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  • How do you prepare to race a 3800-pound car around a track for 3-4 hours? Seven-time NASCAR Sprint Cup champion Jimmie Johnson fuels his body like an endurance athlete.
By Ian McMahan
December 13, 2016

On and off the track, fuel is important for Jimmie Johnson. Though nutrition was part of the seven-time NASCAR Sprint Cup champion’s routine early in his career, it wasn’t until Johnson expanded his racing résumé to include triathlons and marathons that he became aware of the need for a balanced diet.

“I quickly realized that, when I was doing 2-3 hour workouts every day, I needed fat and carbs for fuel,” says the 41-year-old driver.

Johnson continues to prepare for his big races by applying lessons learned from his endurance sports career. Just last month he used a taper—a method of reducing the volume of training—to get his fitness and nutrition ready for the final race of the Sprint Cup season, at Homestead-Miami Speedway.

Of course, the sporting world has been slow to consider turning left for three hours an endurance sport. But wrestling a 3800-pound car around a track for three to four hours requires many similar skills. Led by stars such as Johnson, one of the fitness trailblazers on the NASCAR circuit, drivers have realized that a fast car relies on a fit body.

“I’ve pulled friends and other drivers into triathlon, cycling, and the fitness aspect,” Johnson says.

The next frontier may be nutrition, though it isn’t part of every driver’s toolbox—yet.

“For a lot of drivers, nutrition is the final piece that they need to figure out, it’s an unspoken thing that many do not do,” he says. “Just last week I was talking to a young driver about the importance of diet.”

Jonathan Ferrey/NASCAR via Getty Images

For Johnson, the long racing season gives him the structure necessary to follow a training regimen. Diet has also become a big part of that routine, one that notably includes cycling, running and triathlons.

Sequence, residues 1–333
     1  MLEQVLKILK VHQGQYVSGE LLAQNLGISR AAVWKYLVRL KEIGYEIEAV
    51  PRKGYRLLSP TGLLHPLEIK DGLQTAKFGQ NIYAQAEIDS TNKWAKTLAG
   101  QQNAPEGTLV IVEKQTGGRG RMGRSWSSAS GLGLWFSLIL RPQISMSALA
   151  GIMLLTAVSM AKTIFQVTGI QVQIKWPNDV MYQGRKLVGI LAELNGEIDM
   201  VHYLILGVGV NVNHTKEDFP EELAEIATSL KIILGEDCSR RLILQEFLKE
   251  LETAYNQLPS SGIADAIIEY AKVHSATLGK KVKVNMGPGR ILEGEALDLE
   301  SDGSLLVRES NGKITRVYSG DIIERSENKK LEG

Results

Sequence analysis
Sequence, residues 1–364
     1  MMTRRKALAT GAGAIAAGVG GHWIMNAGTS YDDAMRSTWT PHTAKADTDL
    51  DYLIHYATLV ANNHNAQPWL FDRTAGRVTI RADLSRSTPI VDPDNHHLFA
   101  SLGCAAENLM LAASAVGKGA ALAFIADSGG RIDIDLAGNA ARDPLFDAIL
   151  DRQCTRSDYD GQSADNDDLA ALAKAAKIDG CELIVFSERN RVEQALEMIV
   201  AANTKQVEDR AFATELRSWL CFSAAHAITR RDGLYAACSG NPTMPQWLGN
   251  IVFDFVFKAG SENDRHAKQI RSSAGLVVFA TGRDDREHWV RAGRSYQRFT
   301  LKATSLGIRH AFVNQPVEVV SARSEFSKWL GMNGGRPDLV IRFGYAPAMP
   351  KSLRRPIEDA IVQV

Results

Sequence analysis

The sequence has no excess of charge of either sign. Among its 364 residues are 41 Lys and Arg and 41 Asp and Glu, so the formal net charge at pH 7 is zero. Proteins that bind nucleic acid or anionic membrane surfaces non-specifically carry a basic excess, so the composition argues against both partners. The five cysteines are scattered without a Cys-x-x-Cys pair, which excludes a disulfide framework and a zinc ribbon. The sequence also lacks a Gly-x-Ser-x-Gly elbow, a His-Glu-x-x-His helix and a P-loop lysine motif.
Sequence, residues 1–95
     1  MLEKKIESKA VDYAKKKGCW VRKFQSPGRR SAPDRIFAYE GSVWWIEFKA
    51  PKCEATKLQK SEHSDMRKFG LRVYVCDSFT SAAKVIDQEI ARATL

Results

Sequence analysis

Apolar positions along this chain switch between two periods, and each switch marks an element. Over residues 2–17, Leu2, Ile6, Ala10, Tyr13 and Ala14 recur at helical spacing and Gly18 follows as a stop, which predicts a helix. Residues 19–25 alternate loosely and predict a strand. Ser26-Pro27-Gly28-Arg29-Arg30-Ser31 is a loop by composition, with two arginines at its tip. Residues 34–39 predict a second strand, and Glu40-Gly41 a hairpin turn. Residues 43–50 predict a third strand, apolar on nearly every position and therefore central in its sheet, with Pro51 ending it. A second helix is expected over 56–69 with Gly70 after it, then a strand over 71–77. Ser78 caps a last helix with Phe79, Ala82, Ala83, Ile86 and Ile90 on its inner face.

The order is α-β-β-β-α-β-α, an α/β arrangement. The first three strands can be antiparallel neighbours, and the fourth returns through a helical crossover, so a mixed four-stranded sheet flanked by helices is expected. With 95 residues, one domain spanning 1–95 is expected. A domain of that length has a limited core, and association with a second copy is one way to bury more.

“During the season my mind is on, it keeps me eating well and exercising more,” says Johnson. He also uses his diet to take care of another attribute critical for driving: his eyesight.

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“I try to follow an anti-inflammatory diet and because of that don’t eat a lot of dairy,” he says. “I do it because of the benefits of an anti-inflammatory diet on vision and eyesight and I’ve seen the benefits. It’s a huge factor with driving.”

Unlike many other athletes, Johnson doesn't let his constant travel to different venues send him off the nutritional track. Many others frequently struggle to find healthy food on the road, but eating healthy is actually easier for Johnson when traveling. That’s because Johnson’s fridge travels with him.

“When I’m racing, I stay in a bus at the track, and the fridge and cupboards are full of good food,” says Johnson, who after practicing comes back to a healthy trackside meal. “Usually I have a sandwich or wrap with chicken and brown rice waiting for me when I’m finished.”

Sean Gardner/NASCAR via Getty Images

To help him hit his nutritional goals, Johnson’s fridge on the bus and at home is always stocked with eggs, chicken, fruit, Kombucha and Gatorade (a sponsor). Despite his success on the racetrack, Johnson admits a weakness for late night trips to his fridge.

“At 2 a.m. I find myself going to the fridge for some ice cream or pizza,” he says. Born in California, Johnson also has a love of avocados, another late night snack often paired with quesadillas and salsa. It’s a habit that Johnson admits becomes more common during his short offseason, “I need to relax a little and take a little time off from the structure,” he says.

As important as food is to Johnson, race day survival depends more on what he drinks. Encased in four layers of clothing and a helmet, Johnson spends three to four hours broiling in a 115-degree cockpit while racing, making hydration critical. He likens the experience to exercising in thick corduroy pants and a sweater.

David J. Griffin/Icon Sportswire

“Hydration is the toughest thing and I’ve been fortunate to be sponsored by Gatorade. They brought me to the Gatorade Sports Institute to calculate my sweat rate,” Johnson says. “They’ve helped big time because I learned that I’m a salty sweater and need more electrolytes than average.”

To help him stay hydrated, his car has a Gatorade In-Car Drinking System that supplies him with  three liters of Gatorade Endurance, easily accessible through a tube in his helmet. Supplemented with bottles when he pit stops, Johnson will sometimes drink four to five liters of fluid during a hot race.

Johnson’s attention to diet has fueled his success both in NASCAR and as an endurance athlete.

“It’s easy to get off a couple degrees but when I’m eating right, I just feel better,” he says.

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